Work characteristics and personal social support as determinants of subjective well-being.
e81115 - ?
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BACKGROUND: Well-being is an important health outcome and a potential national indicator of policy success. There is a need for longitudinal epidemiological surveys to understand determinants of well-being. This study examines the role of personal social support and psychosocial work environment as predictors of well-being in an occupational cohort study. METHODS: Social support and work characteristics were measured by questionnaire in 5182 United Kingdom civil servants from phase 1 of the Whitehall II study and were used to predict subjective well-being assessed using the Affect Balance Scale (range -15 to 15, SD = 4.2) at phase 2. External assessments of job control and demands were provided by personnel managers. RESULTS: Higher levels of well-being were predicted by high levels of confiding/emotional support (difference in mean from the reference group with low levels of confiding/emotional support = 0.63, 95%CI 0.38-0.89, p(trend)<0.001), high control at work (0.57, 95%CI 0.31-0.83, p(trend)<0.001; reference low control) and low levels of job strain (0.60, 95%CI 0.31-0.88; reference high job strain), after adjusting for a range of confounding factors and affect balance score at baseline. Higher externally assessed work pace was also associated with greater well-being. CONCLUSIONS: Our results suggest that the psychosocial work environment and personal relationships have independent effects on subjective well-being. Policies designed to increase national well-being should take account of the quality of working conditions and factors that facilitate positive personal relationships. Policies designed to improve workplaces should focus not only on minimising negative aspects of work but also on increasing the positive aspects of work.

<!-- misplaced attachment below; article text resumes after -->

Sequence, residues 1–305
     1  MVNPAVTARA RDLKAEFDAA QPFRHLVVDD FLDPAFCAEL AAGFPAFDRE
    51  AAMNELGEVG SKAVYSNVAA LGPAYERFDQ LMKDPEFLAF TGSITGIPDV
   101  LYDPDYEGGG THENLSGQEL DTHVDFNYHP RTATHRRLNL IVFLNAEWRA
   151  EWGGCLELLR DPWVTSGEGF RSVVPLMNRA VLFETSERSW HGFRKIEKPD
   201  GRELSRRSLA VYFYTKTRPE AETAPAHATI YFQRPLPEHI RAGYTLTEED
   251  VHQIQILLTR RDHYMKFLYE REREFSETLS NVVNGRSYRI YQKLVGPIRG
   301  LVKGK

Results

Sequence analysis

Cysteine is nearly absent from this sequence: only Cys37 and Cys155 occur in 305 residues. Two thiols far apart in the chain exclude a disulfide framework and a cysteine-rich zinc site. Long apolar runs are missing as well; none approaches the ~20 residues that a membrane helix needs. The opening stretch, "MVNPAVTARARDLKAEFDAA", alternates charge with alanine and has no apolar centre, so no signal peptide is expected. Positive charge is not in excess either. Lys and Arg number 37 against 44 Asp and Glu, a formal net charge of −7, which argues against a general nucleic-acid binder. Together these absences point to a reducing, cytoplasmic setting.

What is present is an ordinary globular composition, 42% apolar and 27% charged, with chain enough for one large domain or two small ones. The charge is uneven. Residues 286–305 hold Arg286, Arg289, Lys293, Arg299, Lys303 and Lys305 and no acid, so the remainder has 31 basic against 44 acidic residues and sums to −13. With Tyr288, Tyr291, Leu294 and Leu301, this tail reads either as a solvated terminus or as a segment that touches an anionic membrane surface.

AuthorsStansfeld, SA; Shipley, MJ; Head, J; Fuhrer, R; Kivimaki, M
- College Publications